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    In big developments I could see at least a percentage being required (like townhouses) under town planning....for one person building their own house, I don't see it...
     
  10. MASSDRIVER

    MASSDRIVER Registered User

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    Wait until you have to have your house modified before you can sell it. That's not far overthe horizon.

    All of a sudden it won't be just about "tape measures". And a G or two won't be as easily dismissed.

    Brent.
     
  11. conarb

    conarb Registered User

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    With all the money behind the disability industry and the Alinsky style obnoxious activist groups I knew it was coming, on the last home I built I did all exterior doors level in and out, I did curbless showers in all baths, all doors are a minimum of 2'8" with most 3' and egress at 4'. At this point we live in a totalitarian society with massive redistribution of wealth to all suspect classes, in this case to the disabled.
     
  12. mark handler

    mark handler Sawhorse

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    It is to make it easier for disabled people/family to visit Austin homes.
     
  13. tmurray

    tmurray Registered User

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    This is the way it is here. Anything above four units requires 10% of them to be accessible with a minimum of one.

    Before working as a building inspector, I designed houses and oversaw on site construction and tried to incorporate accessible design into all of the designs I did. Now that I'm a building inspector I'm floored over the amount of people in their later years of life that have two storey houses built without a way to easily create a bedroom on the main level.
     
  14. Keystone

    Keystone Registered User

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    The Canadian's are coming, opps sorry just the lawyers and agenda machine.

    The bldr response IMO is weak at best, cost.... What about the 1st response being something along the lines of say my right to build a home the way I see fit. Once upon a time a mans home was his castle, well the moat is drying up and the draw bridge is going down for everyone to enter.
     
  15. ADAguy

    ADAguy Registered User

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    And your point is?

    What if your parent were in a wheelchair or uses a walker and you have a crawlspace house?

    Visitability is the term here to be considered.

    If you don't want to resell it in the future then "don't" do it.

    Disabled buyers are increasing in number every day. Its a fact of life.
     
  16. kilitact

    kilitact Gold Member

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    First fire sprinklers now this. What next your car, bike.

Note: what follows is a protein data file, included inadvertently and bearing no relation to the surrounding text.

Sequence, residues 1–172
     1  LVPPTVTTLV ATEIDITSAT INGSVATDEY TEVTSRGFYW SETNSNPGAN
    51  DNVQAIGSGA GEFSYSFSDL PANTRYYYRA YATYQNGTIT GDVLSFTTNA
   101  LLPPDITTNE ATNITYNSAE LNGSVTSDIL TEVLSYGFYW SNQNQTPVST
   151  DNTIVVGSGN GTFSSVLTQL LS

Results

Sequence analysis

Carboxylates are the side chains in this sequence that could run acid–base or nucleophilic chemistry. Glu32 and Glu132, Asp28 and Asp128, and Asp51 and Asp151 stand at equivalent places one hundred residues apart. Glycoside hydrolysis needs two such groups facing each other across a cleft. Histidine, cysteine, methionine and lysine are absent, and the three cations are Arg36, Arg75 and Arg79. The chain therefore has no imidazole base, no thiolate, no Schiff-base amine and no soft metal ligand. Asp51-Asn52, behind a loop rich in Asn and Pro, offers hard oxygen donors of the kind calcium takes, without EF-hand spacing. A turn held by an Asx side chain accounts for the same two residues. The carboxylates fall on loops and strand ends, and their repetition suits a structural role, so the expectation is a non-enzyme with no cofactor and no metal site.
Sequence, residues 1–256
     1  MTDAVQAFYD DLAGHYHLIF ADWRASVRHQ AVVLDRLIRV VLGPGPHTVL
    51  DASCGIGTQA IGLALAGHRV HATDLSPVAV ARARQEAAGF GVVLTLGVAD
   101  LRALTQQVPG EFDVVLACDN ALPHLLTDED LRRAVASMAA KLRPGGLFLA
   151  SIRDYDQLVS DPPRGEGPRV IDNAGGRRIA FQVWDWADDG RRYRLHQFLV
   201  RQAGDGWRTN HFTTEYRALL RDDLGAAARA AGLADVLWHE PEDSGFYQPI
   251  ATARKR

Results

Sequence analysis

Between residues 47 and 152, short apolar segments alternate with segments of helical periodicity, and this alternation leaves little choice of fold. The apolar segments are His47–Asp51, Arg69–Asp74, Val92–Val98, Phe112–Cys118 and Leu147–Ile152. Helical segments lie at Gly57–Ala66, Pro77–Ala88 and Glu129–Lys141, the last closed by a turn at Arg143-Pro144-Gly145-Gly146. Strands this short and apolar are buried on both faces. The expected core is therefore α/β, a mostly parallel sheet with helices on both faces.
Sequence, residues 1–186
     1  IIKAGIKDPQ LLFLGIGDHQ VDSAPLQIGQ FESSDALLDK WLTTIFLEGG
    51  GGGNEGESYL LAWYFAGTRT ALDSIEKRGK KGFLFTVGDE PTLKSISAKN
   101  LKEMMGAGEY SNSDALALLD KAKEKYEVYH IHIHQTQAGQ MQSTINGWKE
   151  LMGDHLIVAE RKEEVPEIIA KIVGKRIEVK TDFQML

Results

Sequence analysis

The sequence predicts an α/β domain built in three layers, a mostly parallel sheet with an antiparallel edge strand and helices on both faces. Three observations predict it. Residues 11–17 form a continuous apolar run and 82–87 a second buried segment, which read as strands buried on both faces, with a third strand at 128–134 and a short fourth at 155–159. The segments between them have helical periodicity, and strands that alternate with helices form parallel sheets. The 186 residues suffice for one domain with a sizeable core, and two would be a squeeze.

17. Keystone

    Keystone Registered User

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    As a matter of fact I do have family with disabilities and we as in family and the indivual have made appropriate adjustments, and your point is?

    Why should vistabilty as its put fall onto the backs of everyone?

    Why if I chose to build a new home should I make my home vistabilitized, why should anyone be made to mandated to do so?

    If I dont want to sell it in the future then dont, well what about when I go to renovate and the plan review is rejected due to the lack of vistability upgrades?
     
  18. mark handler

    mark handler Sawhorse

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    It is always easier, and cheaper, to do it when the dwelling is first built.

    It becomes an issue when the basement is "semi" buried. And not so much when you have slab on grade.

    to provide a wider hall or a bath for a t turn does not cost more, it eats up a little sq. ftg. of the adjoining rooms, not cost.

    They are not proposing full accessibility. And it is nothing new.
     
  19. mjesse

    mjesse Registered User

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    What about the conjoined twin population? Or maybe little-people, or those with gigantism?

    Let's mandate all homes have 48" wide double doors 8' high, with combo door handles at 18", 36" and 48" a.f.f.

    All residential bathrooms shall have at least two toilets, one high-one low, and a power operated vanity that adjusts height based on your individual needs.

    American are getting fatter, and we're all going to be disabled eventually.

    No more stairs, single stories only, all existing two story homes shall be leveled or equipped with gurney sized elevators.

    If you disagree, I'll assume you're a bigot who hates conjoined little-people who marry obese giants.

    Happy Friday
     
  20. fatboy

    fatboy Administrator

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    If I were one of those little people, or giant, I would not expect to go car shopping and find that every car is going to work for me, I would find one that did, or have it customized..........